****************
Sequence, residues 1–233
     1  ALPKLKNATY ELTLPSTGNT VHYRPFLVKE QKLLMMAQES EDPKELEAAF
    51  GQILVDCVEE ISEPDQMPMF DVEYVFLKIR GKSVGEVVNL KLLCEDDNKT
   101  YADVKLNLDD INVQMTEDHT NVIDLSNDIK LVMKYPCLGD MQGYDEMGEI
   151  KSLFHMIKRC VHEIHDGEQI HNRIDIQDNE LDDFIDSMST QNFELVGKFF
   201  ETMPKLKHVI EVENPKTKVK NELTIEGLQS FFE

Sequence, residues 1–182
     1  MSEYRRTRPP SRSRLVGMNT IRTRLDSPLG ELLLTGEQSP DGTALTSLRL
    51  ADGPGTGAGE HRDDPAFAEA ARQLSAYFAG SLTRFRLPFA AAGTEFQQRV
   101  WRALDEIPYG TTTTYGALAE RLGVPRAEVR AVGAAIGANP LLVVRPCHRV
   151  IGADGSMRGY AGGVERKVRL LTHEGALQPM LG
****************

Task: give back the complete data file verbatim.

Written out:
Sequence, residues 1–233
     1  ALPKLKNATY ELTLPSTGNT VHYRPFLVKE QKLLMMAQES EDPKELEAAF
    51  GQILVDCVEE ISEPDQMPMF DVEYVFLKIR GKSVGEVVNL KLLCEDDNKT
   101  YADVKLNLDD INVQMTEDHT NVIDLSNDIK LVMKYPCLGD MQGYDEMGEI
   151  KSLFHMIKRC VHEIHDGEQI HNRIDIQDNE LDDFIDSMST QNFELVGKFF
   201  ETMPKLKHVI EVENPKTKVK NELTIEGLQS FFE

Sequence, residues 1–182
     1  MSEYRRTRPP SRSRLVGMNT IRTRLDSPLG ELLLTGEQSP DGTALTSLRL
    51  ADGPGTGAGE HRDDPAFAEA ARQLSAYFAG SLTRFRLPFA AAGTEFQQRV
   101  WRALDEIPYG TTTTYGALAE RLGVPRAEVR AVGAAIGANP LLVVRPCHRV
   151  IGADGSMRGY AGGVERKVRL LTHEGALQPM LG